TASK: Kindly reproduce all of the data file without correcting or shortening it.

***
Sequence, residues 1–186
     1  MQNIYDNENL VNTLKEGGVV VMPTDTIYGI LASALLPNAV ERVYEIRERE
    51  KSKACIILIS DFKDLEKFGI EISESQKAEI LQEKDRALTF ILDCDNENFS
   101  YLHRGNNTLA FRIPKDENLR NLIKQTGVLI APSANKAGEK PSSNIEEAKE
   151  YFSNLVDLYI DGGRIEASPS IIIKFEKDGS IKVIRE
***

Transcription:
Sequence, residues 1–186
     1  MQNIYDNENL VNTLKEGGVV VMPTDTIYGI LASALLPNAV ERVYEIRERE
    51  KSKACIILIS DFKDLEKFGI EISESQKAEI LQEKDRALTF ILDCDNENFS
   101  YLHRGNNTLA FRIPKDENLR NLIKQTGVLI APSANKAGEK PSSNIEEAKE
   151  YFSNLVDLYI DGGRIEASPS IIIKFEKDGS IKVIRE